"But after all, the question Is not so much one of law for the courts, after the Issue of the patent, as of fact, in the first instance, for the determination of the land officers. The courts do not revise their determination upon a mere question of fact. In the absence of fraUd or some other element to Invoke the jurisdiction and poweo; of a court of equity, the determination of the land officers as to the fact whether the given tract is or is not fit for cultivation is conclusive. There Is, in such cases, no general appeal from the land officers to the courts, and especially after the title has pllssed, and the money been paid."
The bill of complaint in this case does not attack what is known as the filing proceedings, in which the desert character of the land was determined, but is lodged wholly against the final proof of entry, made at the end of the three years, for obtaining the patent. What is the proof required by the lalst provision aforesaid of the statute? It is 'Isatisfactory proof to the register and receiver of the reclamation of said tract of land in the manner aforesaid." The charging part ,of the bill, in this particular, is that the affidavits for final entry were untrue; but it is not distinctly averred that the applicants knew the affidavits were false. In theelosing paragraph it is alleged that a false statement was made by her,and confirmatory affidavits were produced by her, with the fraudulent purpose and intent of imposing upon the register and and "the officers of your ora-
tor." This presented an essential matter argumentatively, and left to inference what should have been directly charged; but, as this objection was not struck at by demurrer, the substantive matter averred may be indulgently treated. In the tlearch after fraud, the inquiry must be limited to such matters as the statute requires to be established in making the final proof. This proof is "satisfactory proof to the register and receiver of the reclamation of said tract of land in the manner aforesaid." "The manner aforesaid" evidently refers back to the first clause, and to the words "by conducting water upon the same." . This statute, of course, in all its provisions, should receive such construction as will reasonably carry out and effectuate the legislative intent. It was the manifest purpose of congress to hold out to the citizens of the United States an inducement to reclaim the waste and dffiert lands of the public domain, and thus render them subservient to the uses of husbandry by process of irrigation. This was to be accomplished by such a system (}f ditches as would carry to the subdivisions of the land, capable of being reached by the surface flow, a supply of water such as, when let out of the ditches by draw gates or smaller ditches, might spread over the accessible parts, and stimulate vegetable life. If the main ditches were thus constructed, with the acquired adequate supply of water to irrigate the lands for the purpose of cultivation in the ordina.ry method of carrying it out over the surface of the ground, we think the reclamation contemplated by the statute was accomplished, without showing that this appropriation was followed by actual use and cultivation. This seems to be in accord with recent rulings of the land-office department. Dickinson v. Auerbach, 18 Land nee. Dep. lnt. 1G; Instructions of Secretary Teller to Commissioner 'McFarlan, 3 Land Dec. Dep. Int. 385. The courts, in dealing with the rights of settlers and locators under these land laws, have regard to the rulings and regulations of the department, when they do not contravene the letter and spirit of the s.tatute. Orchard v. Alexander, 157 U. S. 383, 15 Sup. Ct. 635. The government, on the trial of this case, put in evidence a grant of water supply to the claimant, made to her between the filing and the final proof of entry, and made no sufficient countervailing proof of its inadequacy. On these issues of fact as to the sufficiency of the ditching and irrigation, the trial court in its opinion found in the record was satisfied, from the evidence, tlmt outside of the high points, incapable of irrigation or cultivation, "the weight of the testimony shows that sufficient water flowed in the streams to irrigate all that portion of the entries susceptible of irri!!ation. In any event, it falls far short of proving that any misrepresentation was intentionally made on that subject." The conclusion of fact, on the evidence, reached by the trial court, will not be disturbed, in the absence of such apparent misconception of the weight of testimony as in our judgment would render the conclusion palpably unjust. The remaining question for determination is: 'What was the effect of the amendment to the bill by which the Salina Stock Company was brought into the case? Counsel for the government has argued · the appeal as if the pleadings presented the case of a fraudulent com·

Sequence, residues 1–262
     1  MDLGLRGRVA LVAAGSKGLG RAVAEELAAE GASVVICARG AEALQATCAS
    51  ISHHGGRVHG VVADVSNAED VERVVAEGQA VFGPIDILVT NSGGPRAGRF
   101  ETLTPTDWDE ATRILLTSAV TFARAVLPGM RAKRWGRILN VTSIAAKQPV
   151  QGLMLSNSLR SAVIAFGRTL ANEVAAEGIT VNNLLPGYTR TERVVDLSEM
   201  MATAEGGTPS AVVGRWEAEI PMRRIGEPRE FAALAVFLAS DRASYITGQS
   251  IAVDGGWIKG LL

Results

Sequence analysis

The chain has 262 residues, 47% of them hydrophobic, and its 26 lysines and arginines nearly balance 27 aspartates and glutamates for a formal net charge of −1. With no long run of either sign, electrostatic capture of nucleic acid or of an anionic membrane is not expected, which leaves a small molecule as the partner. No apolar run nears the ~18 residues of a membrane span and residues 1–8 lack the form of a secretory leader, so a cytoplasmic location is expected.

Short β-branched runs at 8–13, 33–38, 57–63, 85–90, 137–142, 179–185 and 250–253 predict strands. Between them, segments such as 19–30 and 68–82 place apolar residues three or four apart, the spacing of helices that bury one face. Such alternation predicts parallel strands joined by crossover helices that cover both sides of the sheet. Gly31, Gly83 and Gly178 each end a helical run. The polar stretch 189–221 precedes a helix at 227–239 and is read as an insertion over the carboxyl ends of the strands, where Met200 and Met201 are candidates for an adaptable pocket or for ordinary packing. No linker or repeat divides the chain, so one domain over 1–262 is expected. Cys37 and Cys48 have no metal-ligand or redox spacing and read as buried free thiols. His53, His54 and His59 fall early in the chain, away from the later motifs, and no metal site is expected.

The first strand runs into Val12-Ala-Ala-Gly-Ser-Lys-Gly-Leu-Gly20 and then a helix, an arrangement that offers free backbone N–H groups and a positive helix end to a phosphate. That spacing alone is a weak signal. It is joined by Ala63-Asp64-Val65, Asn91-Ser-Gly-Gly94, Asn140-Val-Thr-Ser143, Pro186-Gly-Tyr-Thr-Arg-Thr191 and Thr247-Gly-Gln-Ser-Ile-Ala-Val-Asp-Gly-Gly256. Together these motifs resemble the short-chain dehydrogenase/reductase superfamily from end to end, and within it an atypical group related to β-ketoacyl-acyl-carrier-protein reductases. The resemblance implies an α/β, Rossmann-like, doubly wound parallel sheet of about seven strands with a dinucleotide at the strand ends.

, 85 FEDERAL